Fragmentation is a fundamental process that naturally spans micro to macroscopic scales. Recent advances in algorithms, computer simulations, and hardware enable us to connect the continuum to microstructural regimes in a real simulation through a heterogeneous multiscale mathematical model.
We apply this model to the problem of predicting how targets in MegaJoule-class laser chambers dismantle, so that optics and diagnostics can be protected from damage. The mechanics of the initial material fracture depend on the microscopic grain structure. In order to effectively simulate the fragmentation, this process must be modeled at the subgrain level with computationally expensive crystal plasticity models.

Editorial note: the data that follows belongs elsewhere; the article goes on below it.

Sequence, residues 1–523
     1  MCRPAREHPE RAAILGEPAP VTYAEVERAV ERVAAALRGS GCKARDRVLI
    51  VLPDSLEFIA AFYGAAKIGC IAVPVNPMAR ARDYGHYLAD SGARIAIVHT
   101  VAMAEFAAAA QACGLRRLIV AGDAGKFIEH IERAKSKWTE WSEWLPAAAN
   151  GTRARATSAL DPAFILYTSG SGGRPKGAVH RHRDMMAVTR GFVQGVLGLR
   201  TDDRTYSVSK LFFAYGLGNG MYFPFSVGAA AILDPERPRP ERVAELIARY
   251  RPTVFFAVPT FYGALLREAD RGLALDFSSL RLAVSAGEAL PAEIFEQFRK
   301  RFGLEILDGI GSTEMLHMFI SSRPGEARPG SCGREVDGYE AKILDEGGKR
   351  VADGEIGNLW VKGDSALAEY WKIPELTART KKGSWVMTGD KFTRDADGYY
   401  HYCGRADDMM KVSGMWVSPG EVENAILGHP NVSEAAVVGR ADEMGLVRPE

However, there are not enough computational resources to model the entire laser target at this microscopic scale. In order to accomplish these calculations, a hierarchical material model (HMM) is being developed. The HMM allows fine-scale modeling of the initial fragmentation using computationally expensive crystal plasticity, while the elements at the mesoscale can use polycrystal models, and the macroscopic elements use analytical flow stress models. The HMM framework is built upon an adaptive mesh refinement (AMR) capability. Figure: Fragmentation of a cooling ring in an inertial confinement fusion experiment using the ALE-AMR code.